The Painted Girls: A Novel

The Painted Girls: A Novel - Cathy Marie Buchanan Ms. Buchanan charmed me with her first book “The Day the Falls Stood Still” and she did not disappoint with this book. She researches her topics well and incorporates her historical facts into a fascinating story giving the reader a taste of the reality of the life of her characters in the Paris of 1878.

The Van Goethem sisters never lived in the lap of luxury but as long as their father was alive the family managed to keep the wolf from the door. When he dies and their mother sinks further and further into the welcoming oblivion of absinthe, the girls are forced to do whatever is necessary to keep their little family together. Marie joins the Paris opera where she can earn 17 francs a week. As Marie throws herself completely into her ballet Antoinette turns to the stage. But soon their meager earnings are still not enough and Antoinette meets rakish Emile Abadie, forcing her to decide between struggling through life or choosing more profitable, but less reputable, way of earning a living for young Parisian girls of the time. As Antoinette becomes embroiled in the seedier side of Paris Marie earns a little extra money by modeling for Edgar Degas, becoming the model of choice for his little ballerina statues.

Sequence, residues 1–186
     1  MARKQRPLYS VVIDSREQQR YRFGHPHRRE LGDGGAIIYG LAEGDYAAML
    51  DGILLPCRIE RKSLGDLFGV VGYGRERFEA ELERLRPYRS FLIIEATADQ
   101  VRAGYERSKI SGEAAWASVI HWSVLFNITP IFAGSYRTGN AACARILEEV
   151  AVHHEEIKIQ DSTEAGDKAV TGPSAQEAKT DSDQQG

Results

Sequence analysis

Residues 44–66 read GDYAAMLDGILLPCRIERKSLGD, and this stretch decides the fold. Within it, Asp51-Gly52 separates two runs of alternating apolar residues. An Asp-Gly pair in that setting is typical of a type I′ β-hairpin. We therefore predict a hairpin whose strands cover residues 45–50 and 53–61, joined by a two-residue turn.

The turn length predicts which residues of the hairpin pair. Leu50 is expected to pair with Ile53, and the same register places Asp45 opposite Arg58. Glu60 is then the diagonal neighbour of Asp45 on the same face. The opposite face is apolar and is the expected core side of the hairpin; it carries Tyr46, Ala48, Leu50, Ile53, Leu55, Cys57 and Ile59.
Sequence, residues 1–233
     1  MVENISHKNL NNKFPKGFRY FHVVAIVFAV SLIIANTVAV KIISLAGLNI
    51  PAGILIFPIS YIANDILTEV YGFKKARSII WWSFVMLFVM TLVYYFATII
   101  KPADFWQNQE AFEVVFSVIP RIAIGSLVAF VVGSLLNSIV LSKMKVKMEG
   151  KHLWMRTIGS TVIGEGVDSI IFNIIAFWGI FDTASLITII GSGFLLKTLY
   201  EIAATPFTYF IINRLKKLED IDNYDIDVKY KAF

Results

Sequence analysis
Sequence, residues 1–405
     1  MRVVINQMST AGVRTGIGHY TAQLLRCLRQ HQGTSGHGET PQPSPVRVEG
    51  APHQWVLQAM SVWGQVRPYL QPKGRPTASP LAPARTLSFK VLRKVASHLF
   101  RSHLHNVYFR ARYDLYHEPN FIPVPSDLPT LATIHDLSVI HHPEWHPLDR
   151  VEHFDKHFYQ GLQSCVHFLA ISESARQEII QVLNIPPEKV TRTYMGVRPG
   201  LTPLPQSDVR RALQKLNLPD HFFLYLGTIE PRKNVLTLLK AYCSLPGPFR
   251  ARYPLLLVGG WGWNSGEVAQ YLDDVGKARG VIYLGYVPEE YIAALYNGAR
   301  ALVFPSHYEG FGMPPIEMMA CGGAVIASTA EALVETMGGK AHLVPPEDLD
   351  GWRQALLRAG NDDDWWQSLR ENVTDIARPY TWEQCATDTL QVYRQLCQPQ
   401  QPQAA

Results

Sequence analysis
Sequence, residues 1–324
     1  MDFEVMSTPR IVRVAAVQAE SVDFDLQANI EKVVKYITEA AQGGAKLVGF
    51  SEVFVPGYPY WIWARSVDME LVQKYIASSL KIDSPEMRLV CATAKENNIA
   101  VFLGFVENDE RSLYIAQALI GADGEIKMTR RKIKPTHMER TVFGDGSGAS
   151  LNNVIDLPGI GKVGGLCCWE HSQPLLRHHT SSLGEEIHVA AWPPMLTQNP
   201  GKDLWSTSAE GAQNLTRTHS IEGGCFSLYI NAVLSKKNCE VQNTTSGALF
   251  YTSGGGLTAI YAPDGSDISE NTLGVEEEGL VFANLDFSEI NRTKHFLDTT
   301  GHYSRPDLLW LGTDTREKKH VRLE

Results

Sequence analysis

The story is told by both Marie and Antoinette, their very different voices adding to the story rather than deterring from it. If, like me, you wonder about the story behind a picture or painting, this book will satisfy that curiosity. The only negative thing I can say about this book is that I am sorry Ms. Buchanan turned her talents from a Canadian story to take us on a trip to Paris.